It’s a Sistah Thang was attended by students, alumni, and faculty. I was simply overwhelmed and overjoyed by being in a room with so many beautiful, powerful artists all at one time. We discussed the experiences in our lives, on our campus, and in our art making as women of color. I felt encouraged to discuss my life in a racial context.

I soon realized going home that I had found the community of women I had unconsciously been searching for.

I previously could not articulate this need because I simply did not have the language or have the access to an environment in order to discuss the complexities of my experience. At It’s a Sistah Thang, it felt a lot like I was lost and then I was found.

After the event, I had heard through the grapevine that some Caucasian students felt left out that they were not invited. In addressing this issue, I am reminded of a co-worker of mine who made a comment about wanting a “White History Month” just like a Black History Month. I remember telling him with a smile, “Don’t you have one every month of the year?”

The same goes for events like It’s a Sistah Thang. Friends that attended this event with me felt as if there was finally a space in which to openly talk about anything. (Even issues that white students can understand but cannot relate to because of the privilege that comes with being white).

I believe now that privilege is something that should be openly discussed between peers, especially in the artistic world. I find myself battling with having privilege in some situations and not having privilege in others based on my mixed racial identity.

For instance, as a writer, I most likely will be published as a “black, female author” as opposed to just a “writer” which would be the description for a white male writer. This example alludes to the notion that “white” or “male” is considered invisible rather than defining, as my race and sex are.

Being aware of these differences has led me to critically think about my race in a larger, social, and political world. It has also led me to seek out and strengthen my relationships with black women (and all women), and I now see us as allies rather than competition.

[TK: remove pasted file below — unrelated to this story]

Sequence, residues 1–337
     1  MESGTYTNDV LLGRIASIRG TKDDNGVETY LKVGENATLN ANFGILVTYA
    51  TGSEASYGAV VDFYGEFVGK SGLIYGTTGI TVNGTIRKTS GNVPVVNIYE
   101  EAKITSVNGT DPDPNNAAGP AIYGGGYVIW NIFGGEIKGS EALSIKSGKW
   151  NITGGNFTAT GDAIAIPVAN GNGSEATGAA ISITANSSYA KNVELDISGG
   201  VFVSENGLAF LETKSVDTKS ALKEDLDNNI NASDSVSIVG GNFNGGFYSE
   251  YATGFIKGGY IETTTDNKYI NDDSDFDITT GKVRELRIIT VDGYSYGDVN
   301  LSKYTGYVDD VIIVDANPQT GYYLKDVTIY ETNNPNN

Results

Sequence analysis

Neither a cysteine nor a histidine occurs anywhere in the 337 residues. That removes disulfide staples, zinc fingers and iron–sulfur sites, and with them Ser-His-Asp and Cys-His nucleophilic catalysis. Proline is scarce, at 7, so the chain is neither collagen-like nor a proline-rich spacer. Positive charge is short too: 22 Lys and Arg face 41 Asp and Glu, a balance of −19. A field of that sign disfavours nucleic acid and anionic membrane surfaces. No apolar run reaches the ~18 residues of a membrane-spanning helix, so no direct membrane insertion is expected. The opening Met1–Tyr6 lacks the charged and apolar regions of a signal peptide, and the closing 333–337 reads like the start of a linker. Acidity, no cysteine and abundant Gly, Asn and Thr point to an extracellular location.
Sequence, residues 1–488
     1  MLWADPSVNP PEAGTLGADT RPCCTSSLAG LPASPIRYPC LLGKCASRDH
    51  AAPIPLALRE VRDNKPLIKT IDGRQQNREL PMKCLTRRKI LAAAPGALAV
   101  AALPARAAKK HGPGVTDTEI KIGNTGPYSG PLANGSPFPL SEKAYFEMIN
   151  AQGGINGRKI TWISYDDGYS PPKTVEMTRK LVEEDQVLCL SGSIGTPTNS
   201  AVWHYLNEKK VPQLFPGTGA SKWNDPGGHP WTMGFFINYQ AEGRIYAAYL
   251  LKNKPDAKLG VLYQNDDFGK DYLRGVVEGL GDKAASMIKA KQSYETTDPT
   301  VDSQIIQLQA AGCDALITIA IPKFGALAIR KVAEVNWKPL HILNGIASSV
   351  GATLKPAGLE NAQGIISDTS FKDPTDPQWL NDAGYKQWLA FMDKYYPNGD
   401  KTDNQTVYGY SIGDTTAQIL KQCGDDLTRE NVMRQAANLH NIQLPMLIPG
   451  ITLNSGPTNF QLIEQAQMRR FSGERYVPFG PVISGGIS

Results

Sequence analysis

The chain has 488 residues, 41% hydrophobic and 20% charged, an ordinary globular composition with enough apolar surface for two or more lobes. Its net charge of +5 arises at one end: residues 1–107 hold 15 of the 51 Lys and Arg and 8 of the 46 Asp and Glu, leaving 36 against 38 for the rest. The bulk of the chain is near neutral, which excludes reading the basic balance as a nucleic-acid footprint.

I would have never gotten to this place of acceptance and camaraderie with other women if I was looking at myself through a mainstream patriarchal lens.

That why gatherings like It’s a Sistah Thang are so important for women of color (and all women). It’s about creating spaces in which we can express ourselves at our most free, about finding a community that creates its own, positive and authentic context and reclaiming blackness and embracing its complexities on our own terms.

In the past, we’ve seen groups like It’s a Sistah Thang change the course of history in the Women’s and Civil Rights movements. Their success reminds me we are in good company and should continue living radically and unapologetically as women of color today.

The next steps in my journey of self discovery and acceptance is learning how to give back to my community by creating artistic work that is racially aware and that constantly questions the issues of privilege.

Aleshea Harris, a MFA graduate, playwright and CalArts faculty member who attended It’s a Sistah Thang, gave me some guidelines on these next steps.

I asked her for advice for young, black women searching for community. She answered, “[f]ind community with other black girls/women and nurture it. Take care of yourself, ask for help and go where the love is. Coming into one’s own means having a level of self-awareness and feeling ownership over one’s experience as a human being. Seek happiness. You deserve it.”

This is some advice I am taking to heart.

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Salina Mahoney is a Bachelor of Fine Arts candidate at California Institute of the Arts in Los Angeles majoring in Theater Management, minoring in Creative Writing. She has a passion for literature and her interests include poetry, novella, graphic text and playwriting. This Instagramaholic (@salinamyhoney) and hot tea enthusiast hopes to explore Black issues and culture, sex and sexuality and feminism in her next frontier: online journalism.